Friday, May 25, 2018
Opinion

Ruth column: Living in the land of nod (and winks)

It was always the 800-pound piece of balderdash in the room.

When Florida Highway Patrol Trooper Charles Swindle cut a lead-footed state legislator a break in November by issuing a minor $10 citation for not having proof of insurance rather than a more expensive speeding ticket, the officer thought he was toeing the agency's unspoken long brown line that it is a really good idea not to irritate elected officials who vote on the FHP's budget.

Unless you are more naive than Gomer Pyle meets Beaver Cleaver, it should hardly come as a shock the FHP has an unwritten, wink-wink, nod-nod policy giving troopers broad discretion when it comes to handing out speeding tickets to big shots.

The policy still would be couched in Greta Garbo-esque opaqueness, had the object of Swindle's generosity, state Rep. Charles McBurney, R-Judas, not informed on the trooper to his FHP bosses.

McBurney, R-Tattletale, whined about the $10 ticket, and Swindle, an officer with glowing evaluations including several Trooper of the Month awards, was fired from his job. Sure, go ahead. Take a moment to slap your forehead. Everybody else is.

Swindle appealed his dismissal, retaining the services of Sidney Matthew, the Atticus Finch of Tallahassee. Think of this as "To Kill a Mocking Bureaucracy."

Florida Department of Highway Safety and Motor Vehicles director Julie Jones, who oversees the FHP, was adamant that absolutely, positively and cross her heart, no unwritten policy exists that allowed troopers to blow air kisses at lawmakers as they nursed their inner Mario Andrettis.

This is akin to Gen. Custer insisting: "Indians! What Indians? I don't see any Indians."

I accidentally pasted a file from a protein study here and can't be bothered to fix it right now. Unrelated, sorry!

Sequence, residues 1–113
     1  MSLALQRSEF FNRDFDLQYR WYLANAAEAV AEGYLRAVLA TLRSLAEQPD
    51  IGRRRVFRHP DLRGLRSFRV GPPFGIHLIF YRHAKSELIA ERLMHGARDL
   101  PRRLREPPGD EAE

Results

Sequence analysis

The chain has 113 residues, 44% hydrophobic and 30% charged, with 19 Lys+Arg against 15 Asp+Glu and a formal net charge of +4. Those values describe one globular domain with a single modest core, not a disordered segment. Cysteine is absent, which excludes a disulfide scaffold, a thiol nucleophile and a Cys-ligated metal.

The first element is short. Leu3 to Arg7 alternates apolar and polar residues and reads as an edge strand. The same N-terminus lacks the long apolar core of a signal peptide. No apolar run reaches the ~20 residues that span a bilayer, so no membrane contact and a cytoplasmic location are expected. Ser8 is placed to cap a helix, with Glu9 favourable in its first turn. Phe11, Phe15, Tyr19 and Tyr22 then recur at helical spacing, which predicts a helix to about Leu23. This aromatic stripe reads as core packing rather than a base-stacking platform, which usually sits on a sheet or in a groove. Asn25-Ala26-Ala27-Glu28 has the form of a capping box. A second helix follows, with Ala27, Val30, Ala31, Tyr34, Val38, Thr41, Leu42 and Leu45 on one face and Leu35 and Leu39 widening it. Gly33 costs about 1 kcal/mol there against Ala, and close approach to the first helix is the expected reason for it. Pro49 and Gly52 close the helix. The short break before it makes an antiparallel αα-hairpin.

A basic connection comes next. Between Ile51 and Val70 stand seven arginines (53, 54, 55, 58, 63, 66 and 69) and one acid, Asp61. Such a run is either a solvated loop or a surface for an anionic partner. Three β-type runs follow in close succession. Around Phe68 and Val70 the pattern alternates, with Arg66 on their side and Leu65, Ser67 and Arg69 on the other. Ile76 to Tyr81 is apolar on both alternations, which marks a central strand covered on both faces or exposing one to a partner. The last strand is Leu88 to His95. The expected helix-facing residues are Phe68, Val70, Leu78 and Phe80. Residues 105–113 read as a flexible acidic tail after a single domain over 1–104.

Cue the laugh track.

Apparently Jones was the only state employee who didn't know the Florida Highway Patrol has a secret handshake understanding to cut the speed racers of the Capitol a break if they feel like it.

In testimony before Public Employee Relations Commission hearing officer Gregg Morton, recently retired Sgt. Gary Dawson, Swindle's supervisor on the day that McBurney, R-Canary, was stopped, readily admitted that a "Quid Pro Quo Leniency Policy" exists and is a discreet part of the training.

On the day McBurney, R-Quidnunc, was stopped on I-10 going 87 mph in a 70 mph zone, Swindle consulted with Dawson and received his approval to cite the soon-to-be ungrateful lawmaker on a considerably lesser infraction.

The self-righteous Jacksonville politician had an opportunity to insist Swindle issue him a speeding ticket. Instead, he went along with the scofflaw charade only to raise his indignation later. Now there's a stand-up chap for you.

Morton, in his ruling that the Department of Highway Safety and Motor Vehicles had overreacted in disciplining the trooper, wrote that Swindle never should have been fired.

"I believe Trooper Swindle was in a no-win situation," Morton noted, adding the officer was endeavoring to make a quick decision in accordance "with the agency's unwritten policy of professional courtesy toward legislators." So perhaps Swindle made a mistake by not following strict rules in writing tickets, but he acted under a long-standing, albeit off-the-books, policy taught to him in training and approved by his immediate supervisor.

Morton sensibly recommended the more appropriate punishment for Swindle should be a 120-hour suspension (which he more than already served) without pay, followed by reinstatement.

Of course the full Public Employees Relations Commission still has to approve Morton's well-reasoned ruling. And this is Tallahassee after all, a mysterious land where reality often goes to die but keeps folks like Sidney Matthew busy.

Now that Jones must have figured out a Quid Pro Quo Leniency Policy does exist, it's a fair argument whether troopers should afford hotsy-tots like McBurney, R-The Iago of I-10, special consideration.

All law enforcement officers need some discretionary authority in order to do their jobs. But that latitude ought not to extend to singling out an entire class of people eligible for a free pass based on their political status.

Of this much we can be fairly certain. If you are Rep. Charles McBurney, R-The Tokyo Rose of Tallahassee, once Trooper Swindle gets back into uniform, it might be a good idea to consider getting to work by boat.

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